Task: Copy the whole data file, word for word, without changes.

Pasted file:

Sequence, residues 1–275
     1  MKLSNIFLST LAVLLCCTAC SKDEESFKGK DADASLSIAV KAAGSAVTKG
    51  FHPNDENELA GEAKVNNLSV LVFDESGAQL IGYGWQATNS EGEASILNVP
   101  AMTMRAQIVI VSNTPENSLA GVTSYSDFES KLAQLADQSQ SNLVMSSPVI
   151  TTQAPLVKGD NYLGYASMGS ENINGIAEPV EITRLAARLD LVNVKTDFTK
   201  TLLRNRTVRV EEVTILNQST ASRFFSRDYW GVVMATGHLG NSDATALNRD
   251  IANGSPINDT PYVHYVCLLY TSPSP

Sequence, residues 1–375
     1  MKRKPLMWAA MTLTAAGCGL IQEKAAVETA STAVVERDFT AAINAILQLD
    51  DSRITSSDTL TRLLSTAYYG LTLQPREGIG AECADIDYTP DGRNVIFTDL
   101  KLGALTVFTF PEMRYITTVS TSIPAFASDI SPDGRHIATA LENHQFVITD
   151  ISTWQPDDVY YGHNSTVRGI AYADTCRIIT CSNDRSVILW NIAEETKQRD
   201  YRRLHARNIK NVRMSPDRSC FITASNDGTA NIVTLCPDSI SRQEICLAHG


Sequence, residues 1–275
     1  MKLSNIFLST LAVLLCCTAC SKDEESFKGK DADASLSIAV KAAGSAVTKG
    51  FHPNDENELA GEAKVNNLSV LVFDESGAQL IGYGWQATNS EGEASILNVP
   101  AMTMRAQIVI VSNTPENSLA GVTSYSDFES KLAQLADQSQ SNLVMSSPVI
   151  TTQAPLVKGD NYLGYASMGS ENINGIAEPV EITRLAARLD LVNVKTDFTK
   201  TLLRNRTVRV EEVTILNQST ASRFFSRDYW GVVMATGHLG NSDATALNRD
   251  IANGSPINDT PYVHYVCLLY TSPSP

Sequence, residues 1–375
     1  MKRKPLMWAA MTLTAAGCGL IQEKAAVETA STAVVERDFT AAINAILQLD
    51  DSRITSSDTL TRLLSTAYYG LTLQPREGIG AECADIDYTP DGRNVIFTDL
   101  KLGALTVFTF PEMRYITTVS TSIPAFASDI SPDGRHIATA LENHQFVITD
   151  ISTWQPDDVY YGHNSTVRGI AYADTCRIIT CSNDRSVILW NIAEETKQRD
   201  YRRLHARNIK NVRMSPDRSC FITASNDGTA NIVTLCPDSI SRQEICLAHG